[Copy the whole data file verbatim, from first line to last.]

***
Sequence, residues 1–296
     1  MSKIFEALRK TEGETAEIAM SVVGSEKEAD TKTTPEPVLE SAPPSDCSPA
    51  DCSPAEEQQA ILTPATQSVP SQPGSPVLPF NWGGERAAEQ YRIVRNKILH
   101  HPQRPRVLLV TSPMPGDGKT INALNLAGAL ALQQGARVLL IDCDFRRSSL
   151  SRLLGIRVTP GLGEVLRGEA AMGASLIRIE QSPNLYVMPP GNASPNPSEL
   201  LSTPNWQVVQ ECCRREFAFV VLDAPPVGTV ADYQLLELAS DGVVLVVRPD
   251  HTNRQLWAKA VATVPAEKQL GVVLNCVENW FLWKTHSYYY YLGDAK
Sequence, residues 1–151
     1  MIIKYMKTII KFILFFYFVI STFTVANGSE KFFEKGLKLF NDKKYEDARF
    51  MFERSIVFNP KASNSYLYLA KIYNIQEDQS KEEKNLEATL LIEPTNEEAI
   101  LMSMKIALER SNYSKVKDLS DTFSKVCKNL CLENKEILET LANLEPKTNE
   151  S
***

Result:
Sequence, residues 1–296
     1  MSKIFEALRK TEGETAEIAM SVVGSEKEAD TKTTPEPVLE SAPPSDCSPA
    51  DCSPAEEQQA ILTPATQSVP SQPGSPVLPF NWGGERAAEQ YRIVRNKILH
   101  HPQRPRVLLV TSPMPGDGKT INALNLAGAL ALQQGARVLL IDCDFRRSSL
   151  SRLLGIRVTP GLGEVLRGEA AMGASLIRIE QSPNLYVMPP GNASPNPSEL
   201  LSTPNWQVVQ ECCRREFAFV VLDAPPVGTV ADYQLLELAS DGVVLVVRPD
   251  HTNRQLWAKA VATVPAEKQL GVVLNCVENW FLWKTHSYYY YLGDAK
Sequence, residues 1–151
     1  MIIKYMKTII KFILFFYFVI STFTVANGSE KFFEKGLKLF NDKKYEDARF
    51  MFERSIVFNP KASNSYLYLA KIYNIQEDQS KEEKNLEATL LIEPTNEEAI
   101  LMSMKIALER SNYSKVKDLS DTFSKVCKNL CLENKEILET LANLEPKTNE
   151  S